Feedback on Bajan Blackout Day held on 7th July 2020

Feedback on Bajan Blackout Day held on 7th July 2020


Bajan Blackout Day was an event in which consumers were encouraged to spend their money with Black businesses in Barbados in order to use economic power to counter economic disparity. Black consumers in Barbados account for an estimated 95% of the economic spending or economic power. Circulating Black dollars and doing business with each other is critical to the generation of financial and economic strength within this major segment of Barbados’ economy. On July 7, 2020, the ‘ask’ was that if you must spend a dollar, spend it with Black-owned businesses only. Leading up to Bajan Blackout, there was a seven-day forum aimed at educating and promoting Black-owned businesses as well as getting input from consumers and all stakeholders.

Analytics garnered from, an online directory for black-owned businesses operating in over 30 Industries and the Black Businesses in Barbados Facebook group indicate that a major outcome was the engagement of over 1,000 Black businesses operating within a broad cross section of industry in Barbados from automotive sales & services, restaurants, farming, hospitality, beauty & fashion to technological and environmental services. reported that almost 600 unique visitors amassed over 2,800 views on the website on July 7th alone. Engagement recorded on the Black Businesses in Barbados Facebook Group (created recently on June 30th) generated membership close to 1,200 and reported a high volume of conversation in the form of sharing of business information and word of mouth marketing especially on Blackout Day.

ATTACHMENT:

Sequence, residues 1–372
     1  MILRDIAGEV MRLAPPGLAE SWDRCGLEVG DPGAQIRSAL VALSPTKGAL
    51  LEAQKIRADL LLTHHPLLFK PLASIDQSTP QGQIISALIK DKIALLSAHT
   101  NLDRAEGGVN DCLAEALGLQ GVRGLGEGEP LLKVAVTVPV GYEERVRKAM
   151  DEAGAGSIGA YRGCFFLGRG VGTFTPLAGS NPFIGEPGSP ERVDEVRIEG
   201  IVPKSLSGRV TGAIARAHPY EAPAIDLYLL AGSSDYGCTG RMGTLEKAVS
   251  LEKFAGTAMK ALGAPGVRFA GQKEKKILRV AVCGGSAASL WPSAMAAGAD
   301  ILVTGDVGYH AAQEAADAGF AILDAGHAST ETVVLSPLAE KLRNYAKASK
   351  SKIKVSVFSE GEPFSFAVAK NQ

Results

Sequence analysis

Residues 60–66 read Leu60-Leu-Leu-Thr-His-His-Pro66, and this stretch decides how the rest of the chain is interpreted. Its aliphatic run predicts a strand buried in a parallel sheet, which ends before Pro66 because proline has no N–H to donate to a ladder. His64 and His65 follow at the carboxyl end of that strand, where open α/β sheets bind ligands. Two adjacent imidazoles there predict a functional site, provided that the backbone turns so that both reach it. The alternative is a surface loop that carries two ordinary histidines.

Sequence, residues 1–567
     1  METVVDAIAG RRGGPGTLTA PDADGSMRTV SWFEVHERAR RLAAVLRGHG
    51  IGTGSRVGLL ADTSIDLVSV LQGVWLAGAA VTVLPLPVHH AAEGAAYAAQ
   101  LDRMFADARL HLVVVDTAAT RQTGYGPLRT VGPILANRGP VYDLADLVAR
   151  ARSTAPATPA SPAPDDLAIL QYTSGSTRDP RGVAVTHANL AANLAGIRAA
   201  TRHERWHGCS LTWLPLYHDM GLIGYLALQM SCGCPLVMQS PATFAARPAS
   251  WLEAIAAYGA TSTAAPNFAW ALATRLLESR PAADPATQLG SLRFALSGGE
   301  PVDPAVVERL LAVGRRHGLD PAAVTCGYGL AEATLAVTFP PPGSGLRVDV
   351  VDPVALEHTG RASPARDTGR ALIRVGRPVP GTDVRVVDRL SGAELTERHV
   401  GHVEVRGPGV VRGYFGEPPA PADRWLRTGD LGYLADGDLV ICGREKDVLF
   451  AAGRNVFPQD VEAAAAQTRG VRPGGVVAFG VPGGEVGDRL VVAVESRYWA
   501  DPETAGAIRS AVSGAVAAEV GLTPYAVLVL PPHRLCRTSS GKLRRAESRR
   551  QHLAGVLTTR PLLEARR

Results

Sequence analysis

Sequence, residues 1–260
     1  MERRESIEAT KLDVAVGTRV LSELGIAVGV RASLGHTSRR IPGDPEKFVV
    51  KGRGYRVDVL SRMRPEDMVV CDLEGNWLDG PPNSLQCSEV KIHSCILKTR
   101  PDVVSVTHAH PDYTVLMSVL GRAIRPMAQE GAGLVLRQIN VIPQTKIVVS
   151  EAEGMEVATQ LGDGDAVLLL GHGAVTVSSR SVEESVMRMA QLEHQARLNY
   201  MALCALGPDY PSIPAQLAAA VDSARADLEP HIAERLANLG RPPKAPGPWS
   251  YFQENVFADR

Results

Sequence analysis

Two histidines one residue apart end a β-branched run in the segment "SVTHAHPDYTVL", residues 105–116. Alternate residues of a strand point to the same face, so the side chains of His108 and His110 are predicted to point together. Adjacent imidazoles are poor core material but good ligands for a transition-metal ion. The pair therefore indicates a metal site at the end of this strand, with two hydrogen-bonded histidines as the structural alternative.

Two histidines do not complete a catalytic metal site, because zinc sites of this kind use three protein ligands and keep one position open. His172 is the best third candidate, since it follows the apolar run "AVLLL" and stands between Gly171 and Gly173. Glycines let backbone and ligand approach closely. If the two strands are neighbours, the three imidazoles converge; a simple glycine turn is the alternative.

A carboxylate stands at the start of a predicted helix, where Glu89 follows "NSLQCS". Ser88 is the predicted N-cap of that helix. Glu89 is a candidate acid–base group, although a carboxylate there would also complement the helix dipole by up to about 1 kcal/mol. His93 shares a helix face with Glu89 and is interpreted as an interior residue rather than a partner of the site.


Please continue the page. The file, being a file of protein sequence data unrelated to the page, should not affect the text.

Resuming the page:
The event has triggered an awareness of goods and services available from within the Black community. Visitors to both the website and the Black Businesses in Barbados group were from Barbados, the United States, Canada and the United Kingdom. Business traction was experienced by Black entrepreneurs who have reported a high level of customer response including from outside Barbados. The hope is that these ‘leads’ translate into profitability after the Day.

One of the stated objectives of the event was to encourage Black-owned businesses to raise their level of efficiency and effectiveness. During the 7-day forum, Black entrepreneurs were invited to leverage the Bajan Blackout Day to counter the criticism of poor service quality. Entrepreneurs have acknowledged this deficiency and feedback from customers has in the most part indicated a high standard of service excellence. Entrepreneurs have however also identified the need for consumers to unlearn the perception that Black products and services equate ‘discounted, cheaper or free”.

Concepts such as Bajan Blackout Day help to counter the association of the label “Black” with the intention to denigrate, disparage, demean and depreciate the value of Black people. While the use of the label ‘Black‘ as in ‘Black‘ teenage pregnancies, ‘Black‘ drug users and ‘Black‘ poverty does not evoke opposition or accusation, the label is now being strategically associated (as in the case of Bajan Blackout Day) with positive action such as the expression of economic empowerment and wealth creation of Black people.

The Bajan Blackout Day is part of an international movement that originated in the U.S.A. and that has crossed geographical boundaries. The relevance and validity of Black economic empowerment has been reflected in the international uptake of the Blackout Day idea across the globe. Hosting the event here in Barbados represents the adoption of a best practice initiative which has been tailored to be compatible with local expression. In summary, the Bajan Blackout Day has raised awareness, provided marketing mileage and traction for the disenfranchised segment of Barbados’ entrepreneurs.

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